We would point out that the most important inputs to a discounted cash flow are the discount rate and of course the actual cash flows. Part of investing is coming up with your own evaluation of a company's future performance, so try the calculation yourself and check your own assumptions. The DCF also does not consider the possible cyclicality of an industry, or a company's future capital requirements, so it does not give a full picture of a company's potential performance. Given that we are looking at SAP as potential shareholders, the cost of equity is used as the discount rate, rather than the cost of capital (or weighted average cost of capital, WACC) which accounts for debt. In this calculation we've used 5.5%, which is based on a levered beta of 1.004. Beta is a measure of a stock's volatility, compared to the market as a whole. We get our beta from the industry average beta of globally comparable companies, with an imposed limit between 0.8 and 2.0, which is a reasonable range for a stable business.
SWOT Analysis for SAP
Debt is not viewed as a risk.
Earnings declined over the past year.
Dividend is low compared to the top 25% of dividend payers in the Software market.
Annual earnings are forecast to grow faster than the German market.
Current share price is below our estimate of fair value.
Dividends are not covered by earnings.
Revenue is forecast to grow slower than 20% per year.
Although the valuation of a company is important, it ideally won't be the sole piece of analysis you scrutinize for a company. It's not possible to obtain a foolproof valuation with a DCF model. Preferably you'd apply different cases and assumptions and see how they would impact the company's valuation. For example, changes in the company's cost of equity or the risk free rate can significantly impact the valuation. For SAP, there are three relevant elements you should further examine:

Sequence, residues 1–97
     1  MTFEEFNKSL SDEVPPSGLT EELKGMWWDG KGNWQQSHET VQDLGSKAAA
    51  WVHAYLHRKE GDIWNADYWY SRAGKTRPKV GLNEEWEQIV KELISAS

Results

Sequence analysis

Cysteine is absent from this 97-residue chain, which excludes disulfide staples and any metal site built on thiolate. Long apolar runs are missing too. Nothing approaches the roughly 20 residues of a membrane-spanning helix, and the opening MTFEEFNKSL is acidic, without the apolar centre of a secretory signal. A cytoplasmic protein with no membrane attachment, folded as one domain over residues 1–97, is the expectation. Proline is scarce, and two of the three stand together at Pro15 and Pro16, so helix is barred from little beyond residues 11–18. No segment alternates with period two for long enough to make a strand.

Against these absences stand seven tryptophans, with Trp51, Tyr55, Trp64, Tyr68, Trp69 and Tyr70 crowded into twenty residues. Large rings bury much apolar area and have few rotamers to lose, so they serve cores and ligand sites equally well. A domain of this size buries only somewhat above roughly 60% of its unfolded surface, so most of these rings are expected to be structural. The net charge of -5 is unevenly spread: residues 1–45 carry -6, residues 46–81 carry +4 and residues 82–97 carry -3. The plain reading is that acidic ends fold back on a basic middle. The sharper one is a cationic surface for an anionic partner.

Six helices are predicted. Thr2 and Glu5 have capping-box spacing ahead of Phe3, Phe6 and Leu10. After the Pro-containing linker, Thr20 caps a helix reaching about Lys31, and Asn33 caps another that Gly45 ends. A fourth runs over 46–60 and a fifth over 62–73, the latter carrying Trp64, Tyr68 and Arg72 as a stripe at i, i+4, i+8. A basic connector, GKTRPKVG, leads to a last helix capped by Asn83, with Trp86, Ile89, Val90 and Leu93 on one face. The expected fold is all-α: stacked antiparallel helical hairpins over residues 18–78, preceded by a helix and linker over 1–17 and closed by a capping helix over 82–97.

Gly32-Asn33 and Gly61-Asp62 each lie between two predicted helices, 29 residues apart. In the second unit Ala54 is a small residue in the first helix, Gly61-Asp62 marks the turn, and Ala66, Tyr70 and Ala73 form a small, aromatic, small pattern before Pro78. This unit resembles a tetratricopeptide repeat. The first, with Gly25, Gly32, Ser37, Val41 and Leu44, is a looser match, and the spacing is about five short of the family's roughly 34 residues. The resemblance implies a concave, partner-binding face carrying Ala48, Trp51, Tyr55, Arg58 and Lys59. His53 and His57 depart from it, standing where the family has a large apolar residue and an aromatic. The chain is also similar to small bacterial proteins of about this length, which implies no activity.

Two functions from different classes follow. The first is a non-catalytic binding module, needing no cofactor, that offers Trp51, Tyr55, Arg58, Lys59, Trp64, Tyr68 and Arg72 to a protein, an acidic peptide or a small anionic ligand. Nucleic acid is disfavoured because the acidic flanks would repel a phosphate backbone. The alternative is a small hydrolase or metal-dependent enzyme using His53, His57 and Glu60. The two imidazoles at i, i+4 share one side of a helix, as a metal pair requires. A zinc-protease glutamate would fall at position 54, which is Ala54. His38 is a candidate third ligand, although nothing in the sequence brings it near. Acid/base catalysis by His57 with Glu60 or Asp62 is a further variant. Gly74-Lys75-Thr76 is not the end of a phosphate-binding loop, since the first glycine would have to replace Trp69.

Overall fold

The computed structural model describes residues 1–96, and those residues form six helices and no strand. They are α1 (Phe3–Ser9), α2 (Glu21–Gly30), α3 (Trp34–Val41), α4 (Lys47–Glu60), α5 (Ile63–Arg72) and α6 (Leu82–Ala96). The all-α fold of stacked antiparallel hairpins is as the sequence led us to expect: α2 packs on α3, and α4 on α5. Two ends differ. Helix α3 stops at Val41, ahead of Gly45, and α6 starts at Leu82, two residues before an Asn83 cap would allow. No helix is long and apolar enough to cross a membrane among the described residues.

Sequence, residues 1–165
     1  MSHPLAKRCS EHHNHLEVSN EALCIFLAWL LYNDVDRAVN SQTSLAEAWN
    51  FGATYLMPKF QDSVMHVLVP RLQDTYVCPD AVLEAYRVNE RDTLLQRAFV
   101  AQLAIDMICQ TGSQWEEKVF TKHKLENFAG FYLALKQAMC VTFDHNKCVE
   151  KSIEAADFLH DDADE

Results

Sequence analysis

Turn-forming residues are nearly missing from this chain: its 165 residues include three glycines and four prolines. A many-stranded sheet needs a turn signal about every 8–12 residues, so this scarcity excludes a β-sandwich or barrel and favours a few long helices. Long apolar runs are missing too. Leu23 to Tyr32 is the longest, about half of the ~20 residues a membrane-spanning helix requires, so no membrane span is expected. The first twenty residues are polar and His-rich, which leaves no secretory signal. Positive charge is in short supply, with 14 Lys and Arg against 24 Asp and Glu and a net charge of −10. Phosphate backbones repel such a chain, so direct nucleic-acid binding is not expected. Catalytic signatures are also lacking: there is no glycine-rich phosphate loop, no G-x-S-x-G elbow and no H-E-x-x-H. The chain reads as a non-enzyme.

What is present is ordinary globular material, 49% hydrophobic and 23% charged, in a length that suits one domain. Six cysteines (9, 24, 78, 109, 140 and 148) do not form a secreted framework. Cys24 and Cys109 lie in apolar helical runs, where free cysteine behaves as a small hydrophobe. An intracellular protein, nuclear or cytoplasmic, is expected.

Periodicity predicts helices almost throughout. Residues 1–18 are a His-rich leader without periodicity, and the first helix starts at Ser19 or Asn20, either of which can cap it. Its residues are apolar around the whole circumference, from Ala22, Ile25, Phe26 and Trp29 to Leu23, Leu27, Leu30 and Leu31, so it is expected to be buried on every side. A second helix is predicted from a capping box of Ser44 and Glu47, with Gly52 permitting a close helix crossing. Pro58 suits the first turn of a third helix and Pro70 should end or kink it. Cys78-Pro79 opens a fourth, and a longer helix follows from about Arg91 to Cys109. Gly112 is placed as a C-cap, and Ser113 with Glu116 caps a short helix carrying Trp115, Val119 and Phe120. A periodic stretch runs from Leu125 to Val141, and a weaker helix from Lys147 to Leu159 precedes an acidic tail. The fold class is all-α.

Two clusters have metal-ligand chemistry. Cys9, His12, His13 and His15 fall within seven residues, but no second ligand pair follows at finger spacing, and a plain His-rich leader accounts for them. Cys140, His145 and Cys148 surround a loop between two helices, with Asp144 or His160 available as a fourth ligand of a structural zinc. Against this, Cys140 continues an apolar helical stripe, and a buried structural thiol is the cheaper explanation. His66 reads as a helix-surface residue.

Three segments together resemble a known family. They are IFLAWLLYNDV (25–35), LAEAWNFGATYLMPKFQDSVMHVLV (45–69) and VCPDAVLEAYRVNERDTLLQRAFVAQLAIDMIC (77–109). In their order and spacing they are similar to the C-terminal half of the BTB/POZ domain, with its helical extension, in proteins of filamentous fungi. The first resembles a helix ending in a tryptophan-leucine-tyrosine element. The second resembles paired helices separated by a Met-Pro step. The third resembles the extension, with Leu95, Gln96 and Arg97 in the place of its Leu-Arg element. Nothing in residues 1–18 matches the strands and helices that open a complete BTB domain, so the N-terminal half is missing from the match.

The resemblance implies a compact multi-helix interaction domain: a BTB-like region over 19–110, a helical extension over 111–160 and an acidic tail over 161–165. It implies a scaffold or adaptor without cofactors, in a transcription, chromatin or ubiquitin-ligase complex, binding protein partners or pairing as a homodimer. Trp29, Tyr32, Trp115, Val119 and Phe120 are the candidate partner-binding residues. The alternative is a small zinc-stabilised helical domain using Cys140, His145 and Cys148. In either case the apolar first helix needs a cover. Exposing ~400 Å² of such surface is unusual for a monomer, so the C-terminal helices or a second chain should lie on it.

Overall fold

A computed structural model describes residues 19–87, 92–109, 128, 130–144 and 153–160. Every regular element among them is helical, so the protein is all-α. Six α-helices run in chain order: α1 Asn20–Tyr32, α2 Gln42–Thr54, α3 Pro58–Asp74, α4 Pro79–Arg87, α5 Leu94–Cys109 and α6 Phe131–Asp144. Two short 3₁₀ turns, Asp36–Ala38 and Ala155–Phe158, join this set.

Risks: To that end, you should be aware of the 1 warning sign we've spotted with SAP .
Future Earnings: How does SAP's growth rate compare to its peers and the wider market? Dig deeper into the analyst consensus number for the upcoming years by interacting with our free analyst growth expectation chart.
Other High Quality Alternatives: Do you like a good all-rounder? Explore our interactive list of high quality stocks to get an idea of what else is out there you may be missing!
PS. The Simply Wall St app conducts a discounted cash flow valuation for every stock on the XTRA every day. If you want to find the calculation for other stocks just search here.
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This article by Simply Wall St is general in nature. We provide commentary based on historical data and analyst forecasts only using an unbiased methodology and our articles are not intended to be financial advice. It does not constitute a recommendation to buy or sell any stock, and does not take account of your objectives, or your financial situation. We aim to bring you long-term focused analysis driven by fundamental data. Note that our analysis may not factor in the latest price-sensitive company announcements or qualitative material. Simply Wall St has no position in any stocks mentioned.